You’ve Reached Sam by Dustin Thao (2021) ♡
Red is one of my favorite albums, and it’s a pretty accepted fact that Red is Taylor’s most heart-breaking album. While we don’t have too much information about You’ve Reached Sam just yet, you can’t tell me that songs like “Sad Beautiful Tragic” and lyrics like “I can’t say hello to you and risk another goodbye” don’t fit You’ve Reached Sam perfectly. I’m ready to be heartbroken.
Heartbroken after her boyfriend’s death, Julie calls him to hear his voicemail—but he picks up. It’s their second chance at goodbye, but the connection’s temporary. The longer they talk, the more impossible it is to let him go.
I Think I Love You by Auriane Desombre (March 2, 2021) ♡
Enemies to friends to lovers, with a film festival at stake — How is this not 1989? 1989 is quite literally the enemies-to-friends-to-lovers album, with songs like Bad Blood, You are in Love, I Wish You Would, and I cannot wait to read I Think I Love You, for the pining, and to see who ends up winning the first-prize trip to the film festival.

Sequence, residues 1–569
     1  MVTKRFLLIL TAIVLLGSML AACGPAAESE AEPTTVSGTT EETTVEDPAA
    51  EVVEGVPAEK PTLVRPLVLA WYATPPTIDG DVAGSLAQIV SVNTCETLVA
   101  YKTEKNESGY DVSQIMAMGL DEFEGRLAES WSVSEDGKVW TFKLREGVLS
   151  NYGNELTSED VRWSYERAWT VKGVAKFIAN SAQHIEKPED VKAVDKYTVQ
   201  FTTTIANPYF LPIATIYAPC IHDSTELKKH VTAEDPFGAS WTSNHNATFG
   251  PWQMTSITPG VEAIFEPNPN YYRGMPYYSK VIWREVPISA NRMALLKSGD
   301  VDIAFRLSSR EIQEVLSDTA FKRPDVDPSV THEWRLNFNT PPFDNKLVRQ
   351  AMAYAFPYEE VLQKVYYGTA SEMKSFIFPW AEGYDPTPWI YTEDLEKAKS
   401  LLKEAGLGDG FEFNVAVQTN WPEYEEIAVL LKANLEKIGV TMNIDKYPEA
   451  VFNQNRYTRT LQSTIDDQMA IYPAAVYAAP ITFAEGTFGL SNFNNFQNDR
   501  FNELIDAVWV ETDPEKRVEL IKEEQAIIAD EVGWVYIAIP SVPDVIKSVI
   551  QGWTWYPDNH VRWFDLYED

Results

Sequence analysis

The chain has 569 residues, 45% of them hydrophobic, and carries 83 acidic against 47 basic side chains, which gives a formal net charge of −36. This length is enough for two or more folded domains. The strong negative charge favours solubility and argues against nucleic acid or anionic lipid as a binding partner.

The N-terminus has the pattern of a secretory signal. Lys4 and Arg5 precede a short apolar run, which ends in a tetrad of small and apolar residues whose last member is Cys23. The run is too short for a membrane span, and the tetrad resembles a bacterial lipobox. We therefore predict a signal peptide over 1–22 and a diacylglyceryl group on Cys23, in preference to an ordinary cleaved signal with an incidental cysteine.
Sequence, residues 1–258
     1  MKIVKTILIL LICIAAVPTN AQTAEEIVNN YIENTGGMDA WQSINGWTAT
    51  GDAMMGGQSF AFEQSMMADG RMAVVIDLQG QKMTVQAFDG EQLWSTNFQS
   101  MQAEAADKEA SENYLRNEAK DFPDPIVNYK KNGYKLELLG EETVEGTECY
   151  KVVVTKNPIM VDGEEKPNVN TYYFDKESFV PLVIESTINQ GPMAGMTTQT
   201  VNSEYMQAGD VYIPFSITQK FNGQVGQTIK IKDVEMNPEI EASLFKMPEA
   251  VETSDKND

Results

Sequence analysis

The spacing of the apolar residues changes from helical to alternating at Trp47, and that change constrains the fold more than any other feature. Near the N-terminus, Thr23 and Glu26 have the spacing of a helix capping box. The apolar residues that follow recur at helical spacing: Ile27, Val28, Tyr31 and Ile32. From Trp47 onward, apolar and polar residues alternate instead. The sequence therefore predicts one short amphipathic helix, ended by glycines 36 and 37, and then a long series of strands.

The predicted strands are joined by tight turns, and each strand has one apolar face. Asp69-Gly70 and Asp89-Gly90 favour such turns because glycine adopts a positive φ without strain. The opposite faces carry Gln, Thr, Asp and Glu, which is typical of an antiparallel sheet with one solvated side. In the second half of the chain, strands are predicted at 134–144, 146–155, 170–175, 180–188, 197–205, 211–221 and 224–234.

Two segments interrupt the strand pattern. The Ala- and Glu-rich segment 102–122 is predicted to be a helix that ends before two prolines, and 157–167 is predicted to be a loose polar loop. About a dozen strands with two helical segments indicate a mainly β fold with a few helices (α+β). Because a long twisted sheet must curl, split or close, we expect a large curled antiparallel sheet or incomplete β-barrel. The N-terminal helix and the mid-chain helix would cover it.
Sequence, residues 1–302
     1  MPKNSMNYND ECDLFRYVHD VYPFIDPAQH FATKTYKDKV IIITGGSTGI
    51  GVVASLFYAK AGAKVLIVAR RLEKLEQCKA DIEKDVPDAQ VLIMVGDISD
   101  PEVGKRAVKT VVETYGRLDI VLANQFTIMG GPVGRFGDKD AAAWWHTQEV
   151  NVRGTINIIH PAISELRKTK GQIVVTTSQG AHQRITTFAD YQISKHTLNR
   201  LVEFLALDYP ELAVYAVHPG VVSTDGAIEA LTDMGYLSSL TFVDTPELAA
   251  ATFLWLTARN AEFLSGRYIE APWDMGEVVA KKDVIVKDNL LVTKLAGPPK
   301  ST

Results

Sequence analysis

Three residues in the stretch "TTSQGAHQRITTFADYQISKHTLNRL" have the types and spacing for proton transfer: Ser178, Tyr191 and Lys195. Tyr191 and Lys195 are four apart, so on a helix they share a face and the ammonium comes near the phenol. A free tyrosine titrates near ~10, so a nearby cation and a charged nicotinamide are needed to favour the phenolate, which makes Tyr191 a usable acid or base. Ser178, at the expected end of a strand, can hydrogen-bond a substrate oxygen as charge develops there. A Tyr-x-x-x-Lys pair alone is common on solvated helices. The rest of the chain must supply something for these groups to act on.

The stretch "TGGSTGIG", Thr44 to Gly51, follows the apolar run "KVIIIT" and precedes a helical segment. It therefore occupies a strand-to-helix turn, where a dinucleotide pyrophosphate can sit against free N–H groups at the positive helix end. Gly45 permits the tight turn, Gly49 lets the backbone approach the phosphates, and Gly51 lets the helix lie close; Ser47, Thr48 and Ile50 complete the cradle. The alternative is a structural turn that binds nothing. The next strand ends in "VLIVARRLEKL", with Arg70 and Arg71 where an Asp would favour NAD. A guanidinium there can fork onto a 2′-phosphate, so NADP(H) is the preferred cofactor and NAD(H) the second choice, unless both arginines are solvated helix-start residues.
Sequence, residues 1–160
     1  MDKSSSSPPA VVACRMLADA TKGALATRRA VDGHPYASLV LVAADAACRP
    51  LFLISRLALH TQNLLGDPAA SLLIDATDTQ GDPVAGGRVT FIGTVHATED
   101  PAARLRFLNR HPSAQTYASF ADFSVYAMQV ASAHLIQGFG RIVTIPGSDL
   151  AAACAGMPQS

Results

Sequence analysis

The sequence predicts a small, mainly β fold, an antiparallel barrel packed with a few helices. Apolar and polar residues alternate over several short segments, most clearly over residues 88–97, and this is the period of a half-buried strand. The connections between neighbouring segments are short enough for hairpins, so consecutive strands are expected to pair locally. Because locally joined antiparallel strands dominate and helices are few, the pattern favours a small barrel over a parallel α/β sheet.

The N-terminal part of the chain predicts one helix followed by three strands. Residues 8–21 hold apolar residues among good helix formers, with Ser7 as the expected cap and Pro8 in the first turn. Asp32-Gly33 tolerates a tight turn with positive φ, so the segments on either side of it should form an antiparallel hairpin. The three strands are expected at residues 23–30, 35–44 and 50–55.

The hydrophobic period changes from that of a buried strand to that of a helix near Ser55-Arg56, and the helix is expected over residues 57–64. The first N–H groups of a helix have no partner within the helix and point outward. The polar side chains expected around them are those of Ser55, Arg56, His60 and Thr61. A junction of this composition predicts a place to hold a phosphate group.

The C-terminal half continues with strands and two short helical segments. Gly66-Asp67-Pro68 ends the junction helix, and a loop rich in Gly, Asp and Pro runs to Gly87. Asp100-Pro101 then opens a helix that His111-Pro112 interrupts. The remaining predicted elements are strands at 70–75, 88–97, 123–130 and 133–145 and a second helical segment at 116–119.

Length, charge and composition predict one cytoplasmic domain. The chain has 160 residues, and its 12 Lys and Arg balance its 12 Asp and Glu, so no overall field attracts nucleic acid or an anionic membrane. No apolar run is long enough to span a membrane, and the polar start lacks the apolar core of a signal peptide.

Arch-nemeses Emma, a die-hard romantic, and more-practical minded Sophia find themselves competing against one another for a coveted first-prize trip to a film festival in Los Angeles . . . what happens if their rivalry turns into a romance?
Meet Cute Diary by Emery Lee (May 4, 2021) ♡
When I saw this utterly adorable fake Netflix trailer retweeted on my timeline, I was so hyped — I mean, fake dating, platonic ships, and hate-to-love? I feel like Meet Cute Diary reminds me of “we’re young and we’re reckless/we’ll take this way too far/it’ll leave you breathless/or with a nasty scar” from Blank Space, and “we’re a crooked love in a straight line down/makes you wanna run and hide/but it made us turn right back around” from 1989, especially with the common themes of deception, love, and finding yourself.